The third part (vv. 12-20) travels over substantially the same ground as the two former, beginning with the mercy shown to the restored Israel, and passing on to wider manifestations of God's goodness. But there is a difference in this repeated setting forth of both these themes. The fortifications of Jerusalem are now complete, and their strength gives security to the people gathered into the city. Over all the land once devastated by war peace broods, and the fields that lay desolate now have yielded harvest. The ancient promise (Psalm lxxxi. 16) has been fulfilled, its condition having been complied with, and Israel having hearkened to Jehovah. Protection, blessing, tranquillity, abundance, are the results of obedience, God's gifts to them that fear Him. So it was in the psalmist's experience; so, in higher form, it is still. These Divine acts are continuous, and as long as there are men who trust, there will be a God who builds defences around them, and satisfies them with good.

Again the psalmist turns to the realm of nature; but it is nature at a different season which now yields witness to God's universal power and care. The phenomena of a sharp winter were more striking to the psalmist than to us. But his poet's eye and his devout heart recognise even in the cold, before which his Eastern constitution cowered shivering, the working of God's Will. His "commandment" or Word is personified, and compared to a swift-footed messenger. As ever, power over material things is attributed to the Divine word, and as ever, in the Biblical view of446 nature, all intermediate links are neglected, and the Almighty cause at one end of the chain and the physical effect at the other are brought together. There is between these two clauses room enough for all that meteorology has to say.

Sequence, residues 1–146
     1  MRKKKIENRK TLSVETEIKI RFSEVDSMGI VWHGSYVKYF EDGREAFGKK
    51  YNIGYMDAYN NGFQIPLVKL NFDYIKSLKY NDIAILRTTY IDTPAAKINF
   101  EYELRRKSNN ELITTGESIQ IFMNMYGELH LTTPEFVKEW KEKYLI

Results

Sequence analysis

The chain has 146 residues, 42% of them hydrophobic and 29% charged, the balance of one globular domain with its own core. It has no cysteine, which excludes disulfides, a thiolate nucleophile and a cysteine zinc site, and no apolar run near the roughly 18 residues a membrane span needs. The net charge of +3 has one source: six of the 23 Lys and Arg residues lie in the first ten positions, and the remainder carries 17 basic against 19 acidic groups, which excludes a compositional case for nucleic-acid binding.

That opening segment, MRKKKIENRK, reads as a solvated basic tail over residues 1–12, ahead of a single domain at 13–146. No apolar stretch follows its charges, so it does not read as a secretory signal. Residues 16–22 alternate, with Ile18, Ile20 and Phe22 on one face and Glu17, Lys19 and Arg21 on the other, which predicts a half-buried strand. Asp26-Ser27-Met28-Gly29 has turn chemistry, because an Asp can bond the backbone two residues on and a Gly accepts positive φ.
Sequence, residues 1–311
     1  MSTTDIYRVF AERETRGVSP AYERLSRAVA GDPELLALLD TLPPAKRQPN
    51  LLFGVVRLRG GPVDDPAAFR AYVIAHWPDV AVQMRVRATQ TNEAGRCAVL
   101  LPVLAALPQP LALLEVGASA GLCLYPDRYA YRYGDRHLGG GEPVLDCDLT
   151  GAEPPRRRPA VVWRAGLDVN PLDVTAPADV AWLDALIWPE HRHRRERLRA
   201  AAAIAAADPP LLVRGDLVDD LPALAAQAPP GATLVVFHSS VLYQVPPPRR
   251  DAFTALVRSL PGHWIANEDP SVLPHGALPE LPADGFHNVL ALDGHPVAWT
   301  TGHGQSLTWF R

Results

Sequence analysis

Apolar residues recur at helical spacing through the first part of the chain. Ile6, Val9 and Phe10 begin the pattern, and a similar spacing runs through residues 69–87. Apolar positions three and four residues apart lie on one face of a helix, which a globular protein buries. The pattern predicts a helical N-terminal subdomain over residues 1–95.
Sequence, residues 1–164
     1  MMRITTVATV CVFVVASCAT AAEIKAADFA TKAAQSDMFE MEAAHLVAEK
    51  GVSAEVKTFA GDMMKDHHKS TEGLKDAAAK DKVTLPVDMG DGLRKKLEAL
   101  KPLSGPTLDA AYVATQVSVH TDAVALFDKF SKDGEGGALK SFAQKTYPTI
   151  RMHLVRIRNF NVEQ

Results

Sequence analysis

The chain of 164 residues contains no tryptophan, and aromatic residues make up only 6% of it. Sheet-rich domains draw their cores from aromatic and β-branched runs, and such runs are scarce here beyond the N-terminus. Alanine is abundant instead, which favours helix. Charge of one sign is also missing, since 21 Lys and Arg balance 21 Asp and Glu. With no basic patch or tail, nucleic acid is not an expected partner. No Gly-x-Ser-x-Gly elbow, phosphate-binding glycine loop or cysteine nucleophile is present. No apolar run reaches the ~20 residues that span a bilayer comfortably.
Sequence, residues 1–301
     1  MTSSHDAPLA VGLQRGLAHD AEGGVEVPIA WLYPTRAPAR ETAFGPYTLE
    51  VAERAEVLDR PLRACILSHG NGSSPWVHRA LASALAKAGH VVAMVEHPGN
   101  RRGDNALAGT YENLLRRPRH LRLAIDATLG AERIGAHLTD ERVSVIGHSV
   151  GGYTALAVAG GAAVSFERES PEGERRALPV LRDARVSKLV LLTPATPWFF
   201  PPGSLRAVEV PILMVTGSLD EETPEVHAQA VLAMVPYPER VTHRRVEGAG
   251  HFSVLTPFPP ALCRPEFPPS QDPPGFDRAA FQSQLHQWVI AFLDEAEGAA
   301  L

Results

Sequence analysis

The winter-piece in vv. 16, 17, dashes off the dreary scene with a few bold strokes. The air is full of flakes like floating wool, or the white mantle covers the ground like a cloth; rime lies everywhere, as if ashes were powdered over trees and stones. Hail-stones fall, as if He flung them down from above. They are like "morsels" of bread, a comparison which strikes us as violent, but which may possibly describe the more severe storms, in which flat pieces of ice fall. As by magic, all is changed when He again sends forth His word. It but needs that He should let a warm wind steal gently across the desolation, and every sealed and silent brook begins to tinkle along its course. And will not He who thus changes the face of the earth in like manner breathe upon frost-bound lives and hearts,

"And every winter merge in spring"?

But the psalm cannot end with contemplation of God's universal beneficence, however gracious that is. There is a higher mode of activity for His word than that exercised on material things. God sends His commandment forth and earth unconsciously obeys, and all creatures, men included, are fed and blessed. But the noblest utterance of His word is in the shape of statutes and judgments, and these are Israel's prerogative. The psalmist is not rejoicing that other nations have not received these, but that Israel has. Its privilege is its responsibility. It has received447 them that it may obey them, and then that it may make them known. If the God who scatters lower blessings broad-cast, not forgetting beasts and ravens, has restricted His highest gift to His people, the restriction is a clear call to them to spread the knowledge of the treasure entrusted to them. To glory in privilege is sin; to learn that it means responsibility is wisdom. The lesson is needed by those who to-day have been served as heirs to Israel's prerogative, forfeited by it because it clutched it for itself, and forgot its obligation to carry it as widely as God had diffused His lower gifts.